Romney Steps in Ohio Labor Fight, Endorses Collective-Bargaining Limits
FAIRFAX, Va. | Mitt Romney made an about-face Wednesday during a campaign stop for Virginia Republicans and wholeheartedly endorsed an Ohio ballot measure that would restrict the right for public employees to bargain collectively.
“With regards to question 2, which is the collective bargaining question, I am 110 percent behind Governor Kasich,” Romney said.
The ballot measure, Issue 2, is a referendum on Ohio Republican Gov. John Kasich’s SB 5, which would prevent the state’s public employees, including firefighters and teachers, from bargaining for pensions and health insurance.
During a campaign stop in Ohio Tuesday, Romney wouldn’t say if he was for the repeal of SB 5 or not.
“I’m sorry if I created any confusion in that regard. I fully support Governor Kasich, I think it’s called question 2 in Ohio. Fully support that,” Romney said in Virginia at a press availability where he stood with Gov. Bob McDonnell. “I support question 2 and Governor Kasich’s effort to restrict collective bargaining in Ohio in the ways he’s described.”
Romney claimed that when asked about the ballot issue on Tuesday, he did not want to endorse any of the other ballot issues there, like Issue 3, which deals with a precarious political issue for Romney: health care mandates at the state level.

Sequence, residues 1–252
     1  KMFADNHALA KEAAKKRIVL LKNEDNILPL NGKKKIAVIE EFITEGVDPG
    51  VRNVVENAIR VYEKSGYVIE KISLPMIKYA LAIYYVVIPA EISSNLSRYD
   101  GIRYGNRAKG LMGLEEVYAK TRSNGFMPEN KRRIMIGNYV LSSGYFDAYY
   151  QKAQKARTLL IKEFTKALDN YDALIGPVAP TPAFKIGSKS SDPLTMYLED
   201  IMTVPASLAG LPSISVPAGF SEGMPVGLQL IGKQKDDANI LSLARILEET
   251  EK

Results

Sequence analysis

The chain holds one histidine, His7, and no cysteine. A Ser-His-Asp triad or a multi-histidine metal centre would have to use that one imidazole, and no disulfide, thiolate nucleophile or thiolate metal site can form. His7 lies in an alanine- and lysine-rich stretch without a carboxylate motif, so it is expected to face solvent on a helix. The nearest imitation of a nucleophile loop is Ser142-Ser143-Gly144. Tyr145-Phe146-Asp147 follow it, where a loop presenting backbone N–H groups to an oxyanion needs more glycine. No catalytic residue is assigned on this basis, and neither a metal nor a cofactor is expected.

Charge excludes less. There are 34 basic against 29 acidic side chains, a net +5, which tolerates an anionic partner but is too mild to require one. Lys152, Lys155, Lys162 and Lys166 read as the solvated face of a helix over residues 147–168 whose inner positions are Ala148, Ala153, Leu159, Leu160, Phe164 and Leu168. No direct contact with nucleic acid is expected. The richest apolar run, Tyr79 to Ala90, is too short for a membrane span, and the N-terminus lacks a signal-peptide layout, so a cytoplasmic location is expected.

As David Chalian noted in Wednesday’s Morning Line, Texas Gov. Rick Perry’s campaign had attacked Romney for not taking a stand. Chalian wrote:
“Whatever the reasoning, Romney provided yet another opening for his opponents to portray him as a politician who lacks conviction and waffles from position-to-position.
“Mitt Romney’s finger-in-the-wind politics continued today when he refused to support right-to-work reforms signed by Ohio Governor John Kasich — reforms Romney supported in June. Americans are tired of politicians who change their beliefs to match public opinion polls,” said Rick Perry’s campaign communications director, Ray Sullivan.”
The embrace of the ballot measure, which recent polls show a majority of Ohioans oppose, may come back a general election issue next year in the battleground state should Romney become the GOP nominee.
A Quinnipiac University poll out Tuesday showed 57 percent of Ohioians oppose Issue 2.
But this is the GOP nomination season, and Ohio Republicans support Issue 2 by a 59-32 percent according to that poll.